Friday, May 29, 2009

Perfectionism?

I am completely obsessed with my tatting looking "perfect" - I hope that shows through in my work! Actually, it's not only tatting, I'm pretty much a perfectionist in every area of my life. This is good and bad, as with any personality trait. I tend to be a fairly slow, methodical tatter. This can be a bit of a drawback when selling your tatting because time is a big factor in cost, but can be balanced by extremely high quality, neat, perfect tatting which looks great in jewelry. You get the picture - it's a give and take.


Here's the thing - for years and years I made rings without ever thinking about the fact that the last ds in a ring sort of gets turned under when you close the ring. It makes the ring look a little uneven (like you are missing 1/2 a ds on one side) and the ring doesn't quite lay flat. I know what some of you are thinking - like, who's paying attention to that?! Well, I didn't for years either, until I started the "Tatting Proficiency Program" a couple of years ago. I read through the binder and saw them mentioning "posting the shuttle" - putting the shuttle through the ring before you close it with the idea that it would not cause that last little ds to turn under and semi-dissapear, and your rings would lie flatter. Not only that - but your rings will be easier to open!

Now I've never had a problem opening my rings, but I looked at a piece I had just made and - hey, how did I never notice that the last little ds curled under like that?! I could get perfectly round, flat little rings?! Well, who knew?? So I tried it. Sigh. Unfortunately, for whatever reason, it didn't work well for me. Instead of curling down, now my ds curled up. The rings were a little rounder, but I really didn't think the jewelry laid as well with the ds curling up as when the ds were curling down.

But I could never look at my ugly, lopsided, uneven rings the same way again. Suddenly I hated that darn last ds! So I set about figuring out how to fix the "problem."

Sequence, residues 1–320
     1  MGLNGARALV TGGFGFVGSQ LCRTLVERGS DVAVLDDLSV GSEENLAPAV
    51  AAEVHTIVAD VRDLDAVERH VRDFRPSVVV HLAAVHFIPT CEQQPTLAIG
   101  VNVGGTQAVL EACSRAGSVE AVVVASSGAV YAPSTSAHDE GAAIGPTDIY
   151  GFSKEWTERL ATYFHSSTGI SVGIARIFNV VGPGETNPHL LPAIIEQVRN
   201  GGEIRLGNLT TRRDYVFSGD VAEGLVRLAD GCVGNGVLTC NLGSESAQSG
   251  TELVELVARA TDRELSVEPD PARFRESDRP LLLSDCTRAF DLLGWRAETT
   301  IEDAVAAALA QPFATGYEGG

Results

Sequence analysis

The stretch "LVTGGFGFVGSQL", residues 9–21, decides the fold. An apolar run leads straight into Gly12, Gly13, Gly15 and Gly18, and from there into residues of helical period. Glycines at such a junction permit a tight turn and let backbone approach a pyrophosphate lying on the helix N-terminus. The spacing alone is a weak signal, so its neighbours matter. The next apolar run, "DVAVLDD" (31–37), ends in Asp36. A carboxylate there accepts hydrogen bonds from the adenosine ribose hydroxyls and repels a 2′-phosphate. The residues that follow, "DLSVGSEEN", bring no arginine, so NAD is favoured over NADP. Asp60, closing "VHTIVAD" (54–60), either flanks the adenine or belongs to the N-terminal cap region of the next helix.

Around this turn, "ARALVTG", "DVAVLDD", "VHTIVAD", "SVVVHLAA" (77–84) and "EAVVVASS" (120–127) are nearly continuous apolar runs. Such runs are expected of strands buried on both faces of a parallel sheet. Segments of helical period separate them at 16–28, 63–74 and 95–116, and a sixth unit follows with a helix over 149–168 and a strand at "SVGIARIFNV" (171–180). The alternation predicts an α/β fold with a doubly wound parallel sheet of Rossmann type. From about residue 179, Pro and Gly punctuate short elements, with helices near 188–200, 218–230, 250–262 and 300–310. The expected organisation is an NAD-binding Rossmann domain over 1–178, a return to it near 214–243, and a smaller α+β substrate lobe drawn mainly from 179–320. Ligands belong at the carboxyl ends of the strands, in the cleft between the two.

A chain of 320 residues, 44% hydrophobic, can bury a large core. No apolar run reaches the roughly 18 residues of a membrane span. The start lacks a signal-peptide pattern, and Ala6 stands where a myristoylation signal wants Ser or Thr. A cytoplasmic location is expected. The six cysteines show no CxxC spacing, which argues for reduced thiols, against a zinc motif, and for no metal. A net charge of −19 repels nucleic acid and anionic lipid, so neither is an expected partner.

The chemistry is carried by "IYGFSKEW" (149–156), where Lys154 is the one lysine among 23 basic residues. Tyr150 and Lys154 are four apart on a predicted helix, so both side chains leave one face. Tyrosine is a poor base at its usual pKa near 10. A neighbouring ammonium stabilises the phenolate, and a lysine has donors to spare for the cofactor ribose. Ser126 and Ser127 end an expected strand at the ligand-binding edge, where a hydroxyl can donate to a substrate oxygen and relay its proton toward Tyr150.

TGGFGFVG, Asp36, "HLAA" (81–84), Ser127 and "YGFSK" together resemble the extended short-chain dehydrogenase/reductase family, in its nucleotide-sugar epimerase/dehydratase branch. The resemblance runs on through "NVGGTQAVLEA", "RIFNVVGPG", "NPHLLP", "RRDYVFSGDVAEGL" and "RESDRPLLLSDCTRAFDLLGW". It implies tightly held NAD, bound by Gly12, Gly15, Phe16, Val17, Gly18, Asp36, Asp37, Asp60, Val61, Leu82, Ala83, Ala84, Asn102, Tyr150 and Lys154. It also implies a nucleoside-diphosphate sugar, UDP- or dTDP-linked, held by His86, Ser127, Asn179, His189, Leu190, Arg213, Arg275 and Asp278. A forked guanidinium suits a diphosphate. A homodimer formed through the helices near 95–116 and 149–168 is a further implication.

So here is the method I came up with: What I started doing about a year ago is making and extra half ds at the end of each ring. I do front side/back side tatting as well. So, if I am making a ring on the "front side," I do an extra 2nd half of the ds and then close the ring. If I am making rings on the "back side," I do an extra 1st half of the ds, pass the shuttle through the ring, (I do post the shuttle from the back side so that all rings are closed with the thread ending up on the same side) and then close the ring. With this method, I find that the last half ds just dissapears when you close the ring nice and snug and the ring looks perfectly even on both sides. The last full ds in the ring is completely visible and doesn't roll either way. The ring lies completely flat and has a nice even shape. Yay!

Now so far I've only shared this with one other person. I guess I thought for a long time that 1. This wouldn't work for anyone else but me or 2. Who else would care? But she found it very useful and solved her "rolling ds" problem as well, and persuaded me to share this technique with the tatting world. Thank you for the encouragement, Suzanne!

So, maybe you'd like to try this? Or maybe I lost you back at the second paragraph and you can't believe I actually care about this as much as I do. :-) Anyway, I wanted to share with those who are as obsessed as I am about "perfect" tatting - and I'd love some feedback for those of you who do try it.


17 comments:

Kathy Niklewicz said...

Hi Elizabeth!

So cool to read your last two posts - thanks so much for sharing the lovely pattern! I'm sorry your eyes are giving you problems. I'd have to say it's a common occurrence at your age. I started having distance problems around age 30, but now have both distance and 'up close' problems.